[0029] According to the invention, it is provided for that the mask and the structure which is defined on the mask and which is to be imaged onto the substrate are illuminated by the above-described illumination apparatus in a photolithographic step of the method.

[0030] Exemplary embodiments of the invention will be described below in further detail with reference to the accompanying drawings, wherein

[0031]FIG. 1 shows an illumination apparatus, without a particle-optical apparatus according to the invention being provided in the beam path thereof,

[0032]FIG. 2 is a schematic perspective view of an embodiment of a particle-optical apparatus of the invention,

[0033]FIG. 3 is a cross-sectional view of the particle-optical apparatus according to FIG. 1,

[0034]FIG. 4 is a view reflecting the function of the apparatus shown in FIGS. 2 and 3,

[0035]FIG. 5 is an enlarged view of a section indicated by reference sign V in FIG. 4,

[0036]FIG. 6, is a further illustrative view reflecting the function of the apparatus shown in FIGS. 2 and 3,

[0037]FIG. 7 is an embodiment of an illumination system according to the invention and

[0038]FIG. 8 is a partial view of an embodiment of a projection system according to the invention.

[0039] An emittance changing apparatus 21 shown in FIG. 2 serves to change a beam 25 of charged particles entering on an entrance side 23 of the apparatus 21 such that the emittance of the beam is increased when the same emerges from an exit side 27 of the emittance changing apparatus 21 opposite to the entrance side 23.

[0040] A cylindrical outer electrode 29 extends between the entrance plane 23 and the exit plane 27, the cylinder direction and axis of symmetry 35 of said outer electrode coinciding with a direction 31 of the beam 25. The outer electrode 29 is formed by four plate electrodes 33 which are disposed in pairs orthogonally to one another, said plate electrodes being disposed spaced apart from the longitudinal axis 35 at equal distance. Each of the plate electrodes 33 is formed of a material which is electrically conductive all-over.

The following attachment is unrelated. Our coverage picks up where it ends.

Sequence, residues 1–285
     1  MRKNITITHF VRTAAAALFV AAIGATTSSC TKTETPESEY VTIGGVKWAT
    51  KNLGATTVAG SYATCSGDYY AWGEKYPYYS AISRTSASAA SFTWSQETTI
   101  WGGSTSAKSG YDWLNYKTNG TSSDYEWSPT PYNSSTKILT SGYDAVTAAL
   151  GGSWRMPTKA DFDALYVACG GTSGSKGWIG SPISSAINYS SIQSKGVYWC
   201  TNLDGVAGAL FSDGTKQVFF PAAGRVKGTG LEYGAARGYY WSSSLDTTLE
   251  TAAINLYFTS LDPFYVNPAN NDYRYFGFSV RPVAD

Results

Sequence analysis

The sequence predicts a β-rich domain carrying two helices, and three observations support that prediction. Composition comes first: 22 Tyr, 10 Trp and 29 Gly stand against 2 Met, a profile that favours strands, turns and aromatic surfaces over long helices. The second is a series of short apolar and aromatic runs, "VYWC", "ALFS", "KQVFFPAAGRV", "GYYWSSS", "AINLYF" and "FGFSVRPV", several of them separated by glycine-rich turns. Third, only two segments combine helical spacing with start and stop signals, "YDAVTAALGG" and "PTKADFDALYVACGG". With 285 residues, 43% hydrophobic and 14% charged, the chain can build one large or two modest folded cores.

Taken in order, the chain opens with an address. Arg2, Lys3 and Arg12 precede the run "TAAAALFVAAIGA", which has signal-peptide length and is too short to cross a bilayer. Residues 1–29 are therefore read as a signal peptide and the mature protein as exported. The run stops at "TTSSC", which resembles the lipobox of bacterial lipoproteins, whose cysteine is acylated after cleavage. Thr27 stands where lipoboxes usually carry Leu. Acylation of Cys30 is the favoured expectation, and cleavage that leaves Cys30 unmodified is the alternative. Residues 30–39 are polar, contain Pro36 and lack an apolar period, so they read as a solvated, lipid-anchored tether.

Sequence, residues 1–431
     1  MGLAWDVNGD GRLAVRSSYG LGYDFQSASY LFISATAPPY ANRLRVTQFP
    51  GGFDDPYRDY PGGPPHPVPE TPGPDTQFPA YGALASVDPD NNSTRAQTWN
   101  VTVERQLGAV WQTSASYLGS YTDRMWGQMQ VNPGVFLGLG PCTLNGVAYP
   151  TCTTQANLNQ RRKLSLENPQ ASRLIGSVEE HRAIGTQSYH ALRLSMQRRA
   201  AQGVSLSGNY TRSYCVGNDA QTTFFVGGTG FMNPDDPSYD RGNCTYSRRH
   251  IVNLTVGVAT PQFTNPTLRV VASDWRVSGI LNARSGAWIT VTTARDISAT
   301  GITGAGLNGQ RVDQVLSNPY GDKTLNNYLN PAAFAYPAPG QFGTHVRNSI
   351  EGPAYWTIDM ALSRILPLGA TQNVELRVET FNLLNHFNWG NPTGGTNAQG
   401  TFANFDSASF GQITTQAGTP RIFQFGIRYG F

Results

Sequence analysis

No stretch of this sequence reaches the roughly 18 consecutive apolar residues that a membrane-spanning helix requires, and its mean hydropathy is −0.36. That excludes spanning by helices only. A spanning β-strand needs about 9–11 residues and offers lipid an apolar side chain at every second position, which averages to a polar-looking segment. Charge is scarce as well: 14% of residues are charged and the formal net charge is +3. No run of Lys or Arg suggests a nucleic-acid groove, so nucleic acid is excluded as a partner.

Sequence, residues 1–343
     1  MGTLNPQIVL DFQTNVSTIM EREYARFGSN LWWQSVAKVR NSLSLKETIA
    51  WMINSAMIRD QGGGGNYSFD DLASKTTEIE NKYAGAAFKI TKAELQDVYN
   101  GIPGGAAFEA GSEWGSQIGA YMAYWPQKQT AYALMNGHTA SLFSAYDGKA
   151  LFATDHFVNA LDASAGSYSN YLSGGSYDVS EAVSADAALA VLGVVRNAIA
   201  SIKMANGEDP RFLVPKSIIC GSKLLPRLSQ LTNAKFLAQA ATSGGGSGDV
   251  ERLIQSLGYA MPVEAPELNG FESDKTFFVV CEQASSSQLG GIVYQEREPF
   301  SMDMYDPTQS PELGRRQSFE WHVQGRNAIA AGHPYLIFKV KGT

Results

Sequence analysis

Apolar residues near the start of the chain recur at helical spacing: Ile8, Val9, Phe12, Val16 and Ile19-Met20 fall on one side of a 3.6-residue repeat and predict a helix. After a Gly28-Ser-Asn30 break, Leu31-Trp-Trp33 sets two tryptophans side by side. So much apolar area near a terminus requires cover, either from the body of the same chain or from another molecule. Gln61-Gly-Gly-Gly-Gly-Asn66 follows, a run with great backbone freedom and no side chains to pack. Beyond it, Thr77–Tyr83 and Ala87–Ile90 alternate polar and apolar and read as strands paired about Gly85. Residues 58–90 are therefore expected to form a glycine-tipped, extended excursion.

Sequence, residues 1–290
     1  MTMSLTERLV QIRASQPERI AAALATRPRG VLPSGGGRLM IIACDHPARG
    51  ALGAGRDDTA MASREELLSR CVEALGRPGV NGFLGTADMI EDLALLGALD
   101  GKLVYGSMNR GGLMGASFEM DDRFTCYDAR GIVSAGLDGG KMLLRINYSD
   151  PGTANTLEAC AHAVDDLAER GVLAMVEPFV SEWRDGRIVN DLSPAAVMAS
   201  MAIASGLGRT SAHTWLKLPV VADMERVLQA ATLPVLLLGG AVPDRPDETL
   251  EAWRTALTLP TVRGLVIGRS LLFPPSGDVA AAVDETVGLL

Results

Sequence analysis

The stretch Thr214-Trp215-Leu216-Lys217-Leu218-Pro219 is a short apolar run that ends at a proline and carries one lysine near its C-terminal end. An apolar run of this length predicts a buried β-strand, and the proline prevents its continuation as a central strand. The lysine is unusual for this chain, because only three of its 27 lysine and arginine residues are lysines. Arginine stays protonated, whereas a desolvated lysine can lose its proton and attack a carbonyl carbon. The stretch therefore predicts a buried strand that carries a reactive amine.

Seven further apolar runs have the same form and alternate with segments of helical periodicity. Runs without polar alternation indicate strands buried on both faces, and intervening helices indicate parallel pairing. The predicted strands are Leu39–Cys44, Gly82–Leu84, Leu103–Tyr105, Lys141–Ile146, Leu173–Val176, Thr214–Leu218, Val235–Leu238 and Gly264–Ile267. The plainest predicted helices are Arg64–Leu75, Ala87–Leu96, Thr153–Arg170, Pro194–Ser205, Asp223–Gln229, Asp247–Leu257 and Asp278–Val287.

[0041] The emittance changing apparatus 21 further includes an inner electrode arrangement 37 comprised of a plurality of wires 39 each extending parallel to the longitudinal axis 35. The wires 39 are disposed within the hollow space formed by the plates 33, each wire 39 being spaced apart from a directly adjacent plate 33 by a distance of d=0.2 mm. The wires 39 are thus disposed on four planes 41 each extending parallel to a respective plate 33, each plane 41 being spaced apart from the longitudinal axis 35 by a distance of D=0.5 mm. The wires 39 are tightened between a frame mount 43 disposed on the entrance side 23 and a frame mount 45 disposed on the exit side 27 and electro-conductively connected to same.

[0042] The emittance changing apparatus 21 further comprises a voltage source 47 which is connected, through a line 49, to the outer electrode arrangement 29, on the one hand, and, through a line 51 via one of the frame mounts 43, 45, to the inner electrode arrangement 37, on the other hand, the inner electrode arrangement 37 being on ground potential. The voltage source 47 produces a potential difference of 10 V between the inner electrode arrangement 37 and the outer electrode arrangement 29 so that the outer electrode arrangement 29 has a potential of +10V as compared to ground.